“We would never dare kiss, or hold hands, for fear of being attacked. For me, living in the community would also give me a sense of security.” France decriminalised homosexuality in 1982 – but same sex marriage was not legalised until 2013.

At Maison de la Diversité, each resident will have their own apartment – some of which will have a subsidised rent – as well as access to shared communal spaces. 

Like François, seven other prospective residents have already signed up for flats. They keep in touch via WhatsApp and are currently figuring out how they will manage the place. 

“All sorts of questions are arising – what happens if a resident falls sick? What types of people will be accepted into the residence? It is for the residents to decide and draft up the rules. But of course there will be a manager and volunteers on site to accompany them”, explains Stephane Sauvé. He is the man behind the project and also runs Les Audacieux & Audacieuses, an outreach charity for LGBTQ+ seniors.

Stephane spent many years managing care homes across France before dedicating himself to charity work. Stephane’s charity also delivers workshops in care homes to tackle stigmas around sexuality and homosexuality for the older population.

“One man was asked by a carer who the man in the framed picture on his bedside table was. He scrambled for words and then said it was his cousin. The next day he had hidden the picture in his wardrobe”, he told Euronews.

Though Stephane stresses the carer was well-meaning in this instance, he also points to other cases of explicit homophobia.

“There was a lesbian woman in one of the homes I ran. She was the only woman who was never asked to dance by the other women during the weekly tea dances. There was chatter about women being attracted to her if they asked her to dance.”

Despite this, Stephane remains positive and ambitious. 

“We aim to open ten of these LGBTQ+ senior living blocks in the next ten years across France! Watch this space!”


In Madrid, Spain’s first-ever council-funded LGBTQ+ retirement home will open by the end of 2024. 

It will include 62 rooms spread across four floors in a building spanning more 3000 square metres. 

Federico Armentero has spent the last 13 years campaigning to open the home. He named his charity Fundación 26 de Diciembre after the date in 1978 when Spain decriminalised Spain.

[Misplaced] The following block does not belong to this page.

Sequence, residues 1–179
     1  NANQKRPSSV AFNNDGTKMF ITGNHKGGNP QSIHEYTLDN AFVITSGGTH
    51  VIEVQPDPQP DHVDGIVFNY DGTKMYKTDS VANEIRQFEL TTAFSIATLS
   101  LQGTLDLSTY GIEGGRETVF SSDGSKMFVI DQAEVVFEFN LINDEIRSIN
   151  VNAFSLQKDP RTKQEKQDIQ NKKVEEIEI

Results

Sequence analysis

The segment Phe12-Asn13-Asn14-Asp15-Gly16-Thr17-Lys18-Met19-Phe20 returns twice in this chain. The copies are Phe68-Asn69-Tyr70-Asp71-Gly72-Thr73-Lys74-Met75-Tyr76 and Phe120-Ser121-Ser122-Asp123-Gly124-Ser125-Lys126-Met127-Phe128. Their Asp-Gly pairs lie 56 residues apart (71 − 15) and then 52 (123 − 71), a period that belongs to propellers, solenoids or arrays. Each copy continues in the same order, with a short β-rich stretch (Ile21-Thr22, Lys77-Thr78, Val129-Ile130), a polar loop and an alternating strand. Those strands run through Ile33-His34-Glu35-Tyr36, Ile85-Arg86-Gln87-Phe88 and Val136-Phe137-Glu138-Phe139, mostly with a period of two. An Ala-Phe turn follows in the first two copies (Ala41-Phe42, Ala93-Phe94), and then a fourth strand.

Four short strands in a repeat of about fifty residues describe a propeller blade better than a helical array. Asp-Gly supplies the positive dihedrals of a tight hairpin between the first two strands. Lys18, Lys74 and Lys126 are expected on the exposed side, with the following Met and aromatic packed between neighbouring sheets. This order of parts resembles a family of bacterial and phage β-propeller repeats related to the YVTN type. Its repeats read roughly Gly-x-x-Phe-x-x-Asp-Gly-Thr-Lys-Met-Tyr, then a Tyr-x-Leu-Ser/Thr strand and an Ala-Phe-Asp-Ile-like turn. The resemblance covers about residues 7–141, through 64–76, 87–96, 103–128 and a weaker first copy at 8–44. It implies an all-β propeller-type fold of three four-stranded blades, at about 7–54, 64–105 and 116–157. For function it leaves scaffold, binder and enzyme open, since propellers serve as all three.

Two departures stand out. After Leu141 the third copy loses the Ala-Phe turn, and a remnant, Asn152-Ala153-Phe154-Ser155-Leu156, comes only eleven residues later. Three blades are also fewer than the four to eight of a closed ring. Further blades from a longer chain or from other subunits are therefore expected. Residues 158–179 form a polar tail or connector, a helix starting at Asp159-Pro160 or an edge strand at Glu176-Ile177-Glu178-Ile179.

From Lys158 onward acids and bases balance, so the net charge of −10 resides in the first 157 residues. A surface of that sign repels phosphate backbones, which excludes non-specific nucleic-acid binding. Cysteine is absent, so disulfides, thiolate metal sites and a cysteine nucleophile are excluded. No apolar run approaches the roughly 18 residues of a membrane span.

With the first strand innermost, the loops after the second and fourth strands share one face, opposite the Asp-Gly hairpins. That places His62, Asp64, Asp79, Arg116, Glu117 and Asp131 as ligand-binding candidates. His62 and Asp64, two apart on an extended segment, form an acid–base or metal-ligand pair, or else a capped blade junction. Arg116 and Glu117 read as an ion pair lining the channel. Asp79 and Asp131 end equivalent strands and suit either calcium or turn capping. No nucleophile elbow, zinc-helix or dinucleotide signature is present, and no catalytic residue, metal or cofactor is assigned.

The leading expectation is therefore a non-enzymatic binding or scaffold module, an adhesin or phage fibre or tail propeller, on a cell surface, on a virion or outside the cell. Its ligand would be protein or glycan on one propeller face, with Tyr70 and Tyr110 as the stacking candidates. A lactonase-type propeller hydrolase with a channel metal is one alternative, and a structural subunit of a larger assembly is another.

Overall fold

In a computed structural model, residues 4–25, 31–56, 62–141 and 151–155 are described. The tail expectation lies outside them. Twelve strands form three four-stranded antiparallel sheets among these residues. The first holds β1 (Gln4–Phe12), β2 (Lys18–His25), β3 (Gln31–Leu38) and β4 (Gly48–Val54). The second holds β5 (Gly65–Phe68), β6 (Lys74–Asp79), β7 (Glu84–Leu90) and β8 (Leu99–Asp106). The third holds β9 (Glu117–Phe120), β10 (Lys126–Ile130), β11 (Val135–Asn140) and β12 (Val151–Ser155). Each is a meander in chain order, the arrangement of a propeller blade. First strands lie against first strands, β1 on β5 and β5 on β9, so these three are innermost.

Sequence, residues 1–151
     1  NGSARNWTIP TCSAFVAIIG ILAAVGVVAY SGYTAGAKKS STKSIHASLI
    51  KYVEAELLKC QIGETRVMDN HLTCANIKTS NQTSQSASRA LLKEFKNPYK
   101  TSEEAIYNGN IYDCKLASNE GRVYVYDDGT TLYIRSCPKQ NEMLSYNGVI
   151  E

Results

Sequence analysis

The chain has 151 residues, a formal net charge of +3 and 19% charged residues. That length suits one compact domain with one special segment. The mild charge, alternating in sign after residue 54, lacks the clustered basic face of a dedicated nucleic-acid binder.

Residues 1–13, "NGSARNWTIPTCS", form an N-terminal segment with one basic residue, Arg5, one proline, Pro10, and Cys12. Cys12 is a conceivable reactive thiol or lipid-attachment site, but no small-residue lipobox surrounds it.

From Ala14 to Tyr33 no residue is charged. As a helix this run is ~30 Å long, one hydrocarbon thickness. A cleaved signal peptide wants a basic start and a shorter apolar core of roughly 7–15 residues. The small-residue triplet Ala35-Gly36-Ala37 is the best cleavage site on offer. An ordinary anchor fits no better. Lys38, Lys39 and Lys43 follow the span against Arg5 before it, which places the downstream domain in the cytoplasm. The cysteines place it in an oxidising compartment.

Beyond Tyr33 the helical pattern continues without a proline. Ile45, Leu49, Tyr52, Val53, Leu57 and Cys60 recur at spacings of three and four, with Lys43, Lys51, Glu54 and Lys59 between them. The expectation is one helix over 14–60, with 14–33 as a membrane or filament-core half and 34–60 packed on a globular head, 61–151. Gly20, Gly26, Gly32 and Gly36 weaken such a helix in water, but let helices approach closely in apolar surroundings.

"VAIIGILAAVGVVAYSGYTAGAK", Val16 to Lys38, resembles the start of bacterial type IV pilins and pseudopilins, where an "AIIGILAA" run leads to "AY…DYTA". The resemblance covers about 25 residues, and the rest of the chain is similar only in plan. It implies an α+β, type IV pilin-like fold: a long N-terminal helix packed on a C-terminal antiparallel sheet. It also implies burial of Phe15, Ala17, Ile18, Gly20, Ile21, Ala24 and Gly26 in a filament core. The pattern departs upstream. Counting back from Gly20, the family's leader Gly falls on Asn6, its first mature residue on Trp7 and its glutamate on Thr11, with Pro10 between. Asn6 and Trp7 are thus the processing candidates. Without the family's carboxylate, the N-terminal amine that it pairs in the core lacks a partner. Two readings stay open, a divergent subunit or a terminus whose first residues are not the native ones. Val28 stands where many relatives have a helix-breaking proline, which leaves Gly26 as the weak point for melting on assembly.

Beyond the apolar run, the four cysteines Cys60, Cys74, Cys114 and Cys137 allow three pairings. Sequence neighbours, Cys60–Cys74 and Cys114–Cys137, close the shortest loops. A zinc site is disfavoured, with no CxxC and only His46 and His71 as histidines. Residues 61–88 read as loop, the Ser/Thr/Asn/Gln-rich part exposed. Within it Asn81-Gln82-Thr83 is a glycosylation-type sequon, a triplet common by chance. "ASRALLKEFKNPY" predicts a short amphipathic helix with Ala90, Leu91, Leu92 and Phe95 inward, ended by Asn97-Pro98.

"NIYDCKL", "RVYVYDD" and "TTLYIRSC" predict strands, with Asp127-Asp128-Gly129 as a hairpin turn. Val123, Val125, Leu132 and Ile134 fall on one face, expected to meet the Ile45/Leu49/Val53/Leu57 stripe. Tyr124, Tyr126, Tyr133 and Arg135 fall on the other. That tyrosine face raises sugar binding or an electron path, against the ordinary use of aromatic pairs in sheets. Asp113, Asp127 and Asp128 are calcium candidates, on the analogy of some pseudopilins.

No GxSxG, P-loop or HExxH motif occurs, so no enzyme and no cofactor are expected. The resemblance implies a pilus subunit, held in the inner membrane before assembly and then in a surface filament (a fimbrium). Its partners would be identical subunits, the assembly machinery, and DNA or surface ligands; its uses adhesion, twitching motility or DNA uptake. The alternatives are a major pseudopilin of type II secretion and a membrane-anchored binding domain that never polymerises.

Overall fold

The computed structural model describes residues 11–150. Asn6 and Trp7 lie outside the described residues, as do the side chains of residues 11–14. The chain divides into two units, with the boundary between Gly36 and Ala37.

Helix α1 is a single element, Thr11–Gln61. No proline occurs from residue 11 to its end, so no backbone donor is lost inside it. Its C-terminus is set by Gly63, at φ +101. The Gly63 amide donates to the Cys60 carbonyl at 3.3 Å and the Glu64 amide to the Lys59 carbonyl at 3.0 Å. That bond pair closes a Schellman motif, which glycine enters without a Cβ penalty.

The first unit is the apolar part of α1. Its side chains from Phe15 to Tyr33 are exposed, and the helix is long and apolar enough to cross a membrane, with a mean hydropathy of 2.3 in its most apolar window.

Federico explains that he came out to his family and friends in his mid-thirties. 

“My generation was born at a moment in history when homophobia was rife and internalised by much of the population. Many older LGBTQ+ people have lived on the fringes of society. They don’t feel they deserve a place where will be supported, cared for and welcomed.”

When he began speaking to the LGTBQ+ community about retirement prospects, Federico realised that many older people “were terrified at the thought of going back into the closet. I don’t want to be in a Catholic retirement home with paintings of the Virgin Mary – I want a place where there can be paintings of two women kissing on the walls!”

The project is a costly endeavour – and they have already spent €2.1 million euros on renovating the site of the future home. But the goal of providing affordable care for the LGBTQ+ community is central to Federico’s mission. 

“Many pensioners from the LGBTQ+ community are living on a pension of €400 per month. It is essential to provide decent housing for all people – even those with financial difficulties.”

Ten of the rooms on site will be reserved for palliative care. There will also be the possibility for residents to have euthanasia on site (which was legalised under specific conditions in 2021 in Spain).

For Federico, retirement homes should be viewed as a positive thing “we are going to hire almost 60 people at the home! The elderly are not the country’s ruin, on the contrary, we generate jobs, wealth!”